Real Estate Settlement Procedures Act (RESPA): Restricting unnecessary increases in fees associated with closings, RESPA prohibits referral fees and requires full disclosure of settlement costs and services, escrow account practices, and the business relationships between settlement service providers. Remedies include actual damages, legal fees and costs, as well as treble damages.

Unfair and Deceptive Acts or Practices (UDAP), Credit Services Act (CSA) and Unfair Trade Practices Act and Consumer Protection Law (UTPCPL): UDAP (Federal) and UTPCPL and CSA (PA) are similar laws intending to protect consumers from confusing, misleading or intentionally unfair conduct within the marketplace. What the charge of Conspiracy is to criminal defense attorneys, UDAP and UTPCPL is to lenders and CSA is to mortgage brokers-a broad provision which carries additional penalties separate from the underlying violation. For example, a borrower who attends closing only to find that their interest rate is 1% higher then previously agreed could claim UDAP and UTPCPL violations against the lender, CSA violation against the broker, as well as RESPA violations. These broad provisions provide statutory penalties of at least $100 per violation, actual damages, treble damages and legal fees and costs.

Equal Credit Opportunity Act (ECOA): By requiring creditors to notify applicants within thirty (30) days of its decision and the specific reason(s) for denial, ECOA seeks to prohibit discrimination against subject classes and those who receive public assistance. Penalties include actual and punitive damages. Many of these claims are first presented through the Pennsylvania Human Relations Commission (PHRC) and Equal Employment Opportunity Commission (EEOC), which require a complaint be filed within 180 days of the underlying discriminatory conduct.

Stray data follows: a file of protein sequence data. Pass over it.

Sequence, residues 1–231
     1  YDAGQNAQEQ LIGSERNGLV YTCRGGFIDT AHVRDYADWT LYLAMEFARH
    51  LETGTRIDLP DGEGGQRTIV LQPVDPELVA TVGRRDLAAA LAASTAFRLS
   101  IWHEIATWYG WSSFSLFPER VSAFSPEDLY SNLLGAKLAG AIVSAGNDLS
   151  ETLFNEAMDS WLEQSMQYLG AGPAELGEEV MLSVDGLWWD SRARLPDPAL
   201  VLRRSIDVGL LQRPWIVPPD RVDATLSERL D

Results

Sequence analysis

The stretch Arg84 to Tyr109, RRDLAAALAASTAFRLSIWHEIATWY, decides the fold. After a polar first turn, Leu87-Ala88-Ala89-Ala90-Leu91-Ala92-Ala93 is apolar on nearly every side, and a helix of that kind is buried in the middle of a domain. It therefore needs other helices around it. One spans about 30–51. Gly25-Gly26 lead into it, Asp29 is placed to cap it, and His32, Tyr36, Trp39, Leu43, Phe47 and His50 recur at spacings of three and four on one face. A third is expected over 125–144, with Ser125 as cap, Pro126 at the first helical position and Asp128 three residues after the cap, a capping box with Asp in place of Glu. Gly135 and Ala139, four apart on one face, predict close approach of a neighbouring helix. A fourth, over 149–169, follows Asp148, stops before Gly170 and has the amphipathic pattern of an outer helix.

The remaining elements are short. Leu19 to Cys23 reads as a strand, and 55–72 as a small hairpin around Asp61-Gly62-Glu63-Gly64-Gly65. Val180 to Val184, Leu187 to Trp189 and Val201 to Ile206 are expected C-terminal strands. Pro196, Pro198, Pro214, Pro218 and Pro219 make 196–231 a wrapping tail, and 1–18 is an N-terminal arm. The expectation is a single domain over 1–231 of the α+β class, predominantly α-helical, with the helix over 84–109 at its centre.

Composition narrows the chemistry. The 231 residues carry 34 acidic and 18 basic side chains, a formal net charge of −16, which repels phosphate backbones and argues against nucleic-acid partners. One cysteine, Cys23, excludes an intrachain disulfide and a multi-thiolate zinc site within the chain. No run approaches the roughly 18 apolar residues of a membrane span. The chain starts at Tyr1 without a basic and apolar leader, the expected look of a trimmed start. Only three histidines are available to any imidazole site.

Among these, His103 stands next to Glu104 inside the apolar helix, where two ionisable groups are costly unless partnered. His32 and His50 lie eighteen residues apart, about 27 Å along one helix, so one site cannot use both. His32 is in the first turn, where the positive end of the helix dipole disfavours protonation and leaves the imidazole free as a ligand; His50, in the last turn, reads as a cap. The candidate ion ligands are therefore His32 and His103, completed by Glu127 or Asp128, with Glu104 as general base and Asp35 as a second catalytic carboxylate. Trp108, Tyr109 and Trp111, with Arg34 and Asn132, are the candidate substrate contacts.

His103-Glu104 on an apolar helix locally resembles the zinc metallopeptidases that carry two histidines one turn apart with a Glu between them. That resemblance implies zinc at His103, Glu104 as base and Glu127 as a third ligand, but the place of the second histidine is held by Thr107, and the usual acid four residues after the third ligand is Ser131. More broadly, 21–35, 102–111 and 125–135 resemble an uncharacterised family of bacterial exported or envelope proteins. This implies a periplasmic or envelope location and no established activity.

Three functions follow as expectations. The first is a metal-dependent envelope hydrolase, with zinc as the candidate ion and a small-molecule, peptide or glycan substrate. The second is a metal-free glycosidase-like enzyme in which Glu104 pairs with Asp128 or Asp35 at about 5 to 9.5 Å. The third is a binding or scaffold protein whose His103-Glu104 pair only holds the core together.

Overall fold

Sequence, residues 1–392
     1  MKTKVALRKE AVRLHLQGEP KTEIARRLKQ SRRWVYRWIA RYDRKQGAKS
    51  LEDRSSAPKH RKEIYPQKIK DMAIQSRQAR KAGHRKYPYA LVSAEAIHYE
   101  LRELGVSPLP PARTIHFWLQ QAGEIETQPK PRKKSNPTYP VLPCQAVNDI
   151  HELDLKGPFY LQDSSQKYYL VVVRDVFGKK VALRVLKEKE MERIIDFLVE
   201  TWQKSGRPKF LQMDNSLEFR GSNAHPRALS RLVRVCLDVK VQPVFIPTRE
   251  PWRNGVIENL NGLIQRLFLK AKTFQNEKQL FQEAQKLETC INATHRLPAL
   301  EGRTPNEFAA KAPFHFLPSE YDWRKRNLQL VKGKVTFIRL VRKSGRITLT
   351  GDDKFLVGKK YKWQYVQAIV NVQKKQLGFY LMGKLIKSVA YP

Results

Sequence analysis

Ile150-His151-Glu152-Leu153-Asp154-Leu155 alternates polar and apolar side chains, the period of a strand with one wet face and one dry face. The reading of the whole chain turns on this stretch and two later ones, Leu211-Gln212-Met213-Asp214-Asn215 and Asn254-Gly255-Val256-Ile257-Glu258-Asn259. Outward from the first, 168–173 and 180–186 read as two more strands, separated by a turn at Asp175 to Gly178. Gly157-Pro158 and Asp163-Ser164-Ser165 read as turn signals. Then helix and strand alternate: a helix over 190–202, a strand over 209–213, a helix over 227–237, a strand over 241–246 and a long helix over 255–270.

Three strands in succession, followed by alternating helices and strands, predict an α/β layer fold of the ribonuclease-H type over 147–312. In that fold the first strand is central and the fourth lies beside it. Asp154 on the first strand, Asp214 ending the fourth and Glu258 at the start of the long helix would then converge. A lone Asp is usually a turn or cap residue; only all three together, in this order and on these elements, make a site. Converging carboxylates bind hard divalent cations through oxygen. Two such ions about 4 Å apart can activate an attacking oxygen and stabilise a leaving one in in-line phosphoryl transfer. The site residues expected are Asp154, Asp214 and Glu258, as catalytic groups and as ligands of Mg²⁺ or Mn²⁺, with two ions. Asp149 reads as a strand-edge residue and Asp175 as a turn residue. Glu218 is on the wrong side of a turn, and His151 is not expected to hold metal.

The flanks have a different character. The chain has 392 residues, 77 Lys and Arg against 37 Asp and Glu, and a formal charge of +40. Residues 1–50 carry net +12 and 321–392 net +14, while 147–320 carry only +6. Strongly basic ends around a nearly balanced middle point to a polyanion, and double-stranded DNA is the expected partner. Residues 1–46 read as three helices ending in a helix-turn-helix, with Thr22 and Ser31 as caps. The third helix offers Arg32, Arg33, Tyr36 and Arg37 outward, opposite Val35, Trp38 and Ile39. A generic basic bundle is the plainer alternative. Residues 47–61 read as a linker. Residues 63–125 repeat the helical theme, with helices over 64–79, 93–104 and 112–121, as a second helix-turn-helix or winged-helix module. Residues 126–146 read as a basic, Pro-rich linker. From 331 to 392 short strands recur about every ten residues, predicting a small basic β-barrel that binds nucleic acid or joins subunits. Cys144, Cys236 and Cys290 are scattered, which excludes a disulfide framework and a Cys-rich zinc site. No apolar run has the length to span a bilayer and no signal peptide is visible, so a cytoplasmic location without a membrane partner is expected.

Pennsylvania Home Improvement Finance Act (HIFA) and Federal Trade Commission Practice Rules (FTC): Home improvement financing and loan transactions physically occurring within a borrower's house require heightened notices per HIFA and The FTC. Until a "Notice of Cancellation" is furnished, the cancellation period does not begin to run, which also extends the statute of limitations for violations and provides a "backdoor" to TILA remedies. Importantly, the Depository Institutions Deregulation and Monetary Control Act (DIDMCA) preempts actions based on state usury laws and associated remedies only concerning laws that impose caps on interest rates, not those based on HIFA.

Magnusson-Moss Federal Act (MMA): While often used in "Lemon Law" claims, MMA also applies to claims arising from breach of consumer product warranties, ostensibly including those contained within the loan transaction. A violation of the FTC should be incorporated as a per se violation of the MMA. Remedies include actual damages and legal fees and costs.